Human Lives Human Rights: The ongoing blockade of the Lachin corridor is endangering the lives of thousands of people in the breakaway region of Nagorno-Karabakh.
Rights groups have called on Azerbaijan’s authorities and Russian peacekeepers to immediately unblock the route and bring an end to the unfolding humanitarian crisis.
The road, which connects Nagorno-Karabakh to Armenia, has been inaccessible to all civilian and commercial traffic since 12 December 2022 after being blockaded by dozens of Azerbaijani protesters, widely believed to be backed by the country’s authorities.
The situation has left some 120,000 ethnic Armenian residents in Nagorno-Karabakh without access to essential goods and services, including life-saving medication and health care.
Interviews conducted with health workers and residents in the region revealed the blockade’s particularly harsh impact on at-risk groups including women, older people, and people with disabilities.
The blockade has resulted in severe shortages of food and medical supplies, as humanitarian aid delivered by the International Committee of the Red Cross and Russian peacekeepers has been insufficient to meet demand.
Disruptions to the supply of electricity, natural gas and vehicle fuel add up to extreme hardship, especially for groups who are vulnerable to discrimination and marginalization.
The Azerbaijani authorities have internationally recognized sovereignty over these territories and exercise control over the territory from which the blockade is being carried out.
It is Azerbaijan’s obligation to undertake to ensure that the population in Nagorno-Karabakh is not denied access to food and other essential goods and medications.
For its part, the Russian peacekeeping mission is mandated to ensure the safety of the Lachin corridor. However, both parties are manifestly failing to fulfil their obligations.
Meanwhile, access to healthcare has become the most pressing issue in the blockaded region, with a deficit of medicines and medical supplies as well as insufficient fuel to enable outpatient care.
The situation is particularly acute for older people and people with disabilities, many with chronic health conditions, whose access to healthcare services is severely limited or in some cases completely disrupted.
Aldo, women’s health and maternal health are also under serious threat due to shortages of medical supplies.
Health workers, older people and people with disabilities said that medication for chronic conditions, including those to manage blood pressure; heart conditions; epilepsy, and asthma as well as pain medication and antibiotics had become much more difficult or impossible to access, with many pharmacies in Nagorno-Karabakh closed completely.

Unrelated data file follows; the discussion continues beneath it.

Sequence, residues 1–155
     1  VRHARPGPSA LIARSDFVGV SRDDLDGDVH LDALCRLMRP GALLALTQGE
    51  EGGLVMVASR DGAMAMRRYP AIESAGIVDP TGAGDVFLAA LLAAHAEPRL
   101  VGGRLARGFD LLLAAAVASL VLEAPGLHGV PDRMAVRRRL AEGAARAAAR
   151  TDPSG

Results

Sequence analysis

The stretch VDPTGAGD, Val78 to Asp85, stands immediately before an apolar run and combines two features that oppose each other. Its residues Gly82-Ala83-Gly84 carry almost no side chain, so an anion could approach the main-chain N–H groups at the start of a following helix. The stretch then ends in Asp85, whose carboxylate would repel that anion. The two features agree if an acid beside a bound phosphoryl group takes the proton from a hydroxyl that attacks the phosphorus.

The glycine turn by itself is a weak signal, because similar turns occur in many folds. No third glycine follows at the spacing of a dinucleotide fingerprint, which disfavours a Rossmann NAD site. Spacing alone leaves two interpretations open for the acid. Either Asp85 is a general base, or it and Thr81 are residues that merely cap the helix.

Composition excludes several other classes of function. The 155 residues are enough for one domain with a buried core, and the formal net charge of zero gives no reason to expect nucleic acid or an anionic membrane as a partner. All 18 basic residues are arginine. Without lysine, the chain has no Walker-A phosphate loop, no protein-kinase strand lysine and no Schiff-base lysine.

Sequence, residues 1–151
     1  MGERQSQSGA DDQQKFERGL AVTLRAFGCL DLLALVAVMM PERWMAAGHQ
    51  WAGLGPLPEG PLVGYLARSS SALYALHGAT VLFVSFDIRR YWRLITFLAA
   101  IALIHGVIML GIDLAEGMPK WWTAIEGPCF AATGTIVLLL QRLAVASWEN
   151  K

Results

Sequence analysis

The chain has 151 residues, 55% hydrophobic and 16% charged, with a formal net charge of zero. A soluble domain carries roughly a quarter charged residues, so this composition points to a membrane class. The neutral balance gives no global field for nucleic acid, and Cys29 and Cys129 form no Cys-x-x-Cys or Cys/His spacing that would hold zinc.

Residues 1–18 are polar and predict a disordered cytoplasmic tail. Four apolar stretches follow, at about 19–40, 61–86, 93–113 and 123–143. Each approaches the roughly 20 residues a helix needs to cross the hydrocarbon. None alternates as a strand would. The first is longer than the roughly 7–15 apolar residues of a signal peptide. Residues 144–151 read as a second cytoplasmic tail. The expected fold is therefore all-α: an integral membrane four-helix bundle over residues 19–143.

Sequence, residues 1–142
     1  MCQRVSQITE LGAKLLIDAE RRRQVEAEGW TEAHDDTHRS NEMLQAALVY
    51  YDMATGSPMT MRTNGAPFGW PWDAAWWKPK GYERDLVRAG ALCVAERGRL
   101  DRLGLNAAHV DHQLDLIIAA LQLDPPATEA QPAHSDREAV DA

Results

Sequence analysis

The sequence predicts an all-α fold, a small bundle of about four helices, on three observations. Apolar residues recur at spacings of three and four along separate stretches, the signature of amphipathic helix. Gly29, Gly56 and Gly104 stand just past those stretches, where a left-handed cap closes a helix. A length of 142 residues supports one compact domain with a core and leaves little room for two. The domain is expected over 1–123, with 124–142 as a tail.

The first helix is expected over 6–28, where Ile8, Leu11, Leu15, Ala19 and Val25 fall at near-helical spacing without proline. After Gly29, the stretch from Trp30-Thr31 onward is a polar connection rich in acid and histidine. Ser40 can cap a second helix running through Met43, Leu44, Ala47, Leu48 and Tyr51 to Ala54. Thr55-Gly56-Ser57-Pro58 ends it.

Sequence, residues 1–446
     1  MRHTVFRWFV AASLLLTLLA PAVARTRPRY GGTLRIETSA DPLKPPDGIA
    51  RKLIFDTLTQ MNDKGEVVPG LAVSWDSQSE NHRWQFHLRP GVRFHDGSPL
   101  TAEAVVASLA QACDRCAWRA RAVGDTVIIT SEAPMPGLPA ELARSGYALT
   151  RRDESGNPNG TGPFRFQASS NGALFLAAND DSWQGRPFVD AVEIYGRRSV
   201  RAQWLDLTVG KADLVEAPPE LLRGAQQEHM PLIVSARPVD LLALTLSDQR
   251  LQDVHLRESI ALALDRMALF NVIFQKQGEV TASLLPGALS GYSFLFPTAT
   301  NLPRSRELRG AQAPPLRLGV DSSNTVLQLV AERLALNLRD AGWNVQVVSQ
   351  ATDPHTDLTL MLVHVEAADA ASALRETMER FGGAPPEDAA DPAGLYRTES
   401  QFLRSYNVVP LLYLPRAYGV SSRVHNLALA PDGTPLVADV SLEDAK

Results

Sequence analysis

The blockade has caused a food shortage, which led the de-facto authorities to introduce a rationing system in early January.
Based on interviews with residents, it appeared that women typically prioritized giving food to other family members over themselves.
Healthcare professionals noted a significant increase in cases of immunodeficiency, anemia, thyroid disease, and worsened diabetes conditions among women and children, as a direct result of food shortages.
People with disabilities, including those with limited mobility, said they were suffering more from isolation during the blockade, as they were unable to use either public or private transportation due to the lack of fuel.
Among other dire consequences inflicted by the blockade is the violation of the right to education. All schools and kindergartens, attended by around 27,000 children, were temporarily closed due to the lack of heating and electricity shortages. Although schools partially reopened on 30 January 2023, school time is limited to four hours a day.
1,100 residents of Nagorno-Karabakh have been left stranded outside of the region and unable to return home since the beginning of the blockade, including at least 270 children. They are accommodated in hotels or in the homes of relatives and volunteers in Armenia.
The shortage of gas and petrol is further exacerbated by frequent cuts to the supply of gas from Azerbaijan and electricity cuts that last an average of six hours a day.
With the blockade now in its ninth week, all eyes are on the Azerbaijani authorities and Russian peacekeepers.
We call on both parties to immediately take effective measures, in line with international human rights standards, to lift the blockade of the Lachin corridor without any further delay and end the unfolding humanitarian crisis.
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